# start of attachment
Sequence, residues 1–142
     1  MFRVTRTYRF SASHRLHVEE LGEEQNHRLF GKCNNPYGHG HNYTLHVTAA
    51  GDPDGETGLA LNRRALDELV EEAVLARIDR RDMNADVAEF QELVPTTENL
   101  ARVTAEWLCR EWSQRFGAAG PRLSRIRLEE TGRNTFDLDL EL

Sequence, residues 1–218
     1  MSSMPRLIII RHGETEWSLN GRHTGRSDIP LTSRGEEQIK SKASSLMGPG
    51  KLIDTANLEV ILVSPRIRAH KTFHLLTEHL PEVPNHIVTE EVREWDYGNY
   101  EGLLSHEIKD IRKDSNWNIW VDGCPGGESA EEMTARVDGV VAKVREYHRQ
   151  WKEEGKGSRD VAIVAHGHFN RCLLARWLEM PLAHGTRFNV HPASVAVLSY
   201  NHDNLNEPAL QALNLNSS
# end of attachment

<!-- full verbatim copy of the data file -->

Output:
Sequence, residues 1–142
     1  MFRVTRTYRF SASHRLHVEE LGEEQNHRLF GKCNNPYGHG HNYTLHVTAA
    51  GDPDGETGLA LNRRALDELV EEAVLARIDR RDMNADVAEF QELVPTTENL
   101  ARVTAEWLCR EWSQRFGAAG PRLSRIRLEE TGRNTFDLDL EL

Sequence, residues 1–218
     1  MSSMPRLIII RHGETEWSLN GRHTGRSDIP LTSRGEEQIK SKASSLMGPG
    51  KLIDTANLEV ILVSPRIRAH KTFHLLTEHL PEVPNHIVTE EVREWDYGNY
   101  EGLLSHEIKD IRKDSNWNIW VDGCPGGESA EEMTARVDGV VAKVREYHRQ
   151  WKEEGKGSRD VAIVAHGHFN RCLLARWLEM PLAHGTRFNV HPASVAVLSY
   201  NHDNLNEPAL QALNLNSS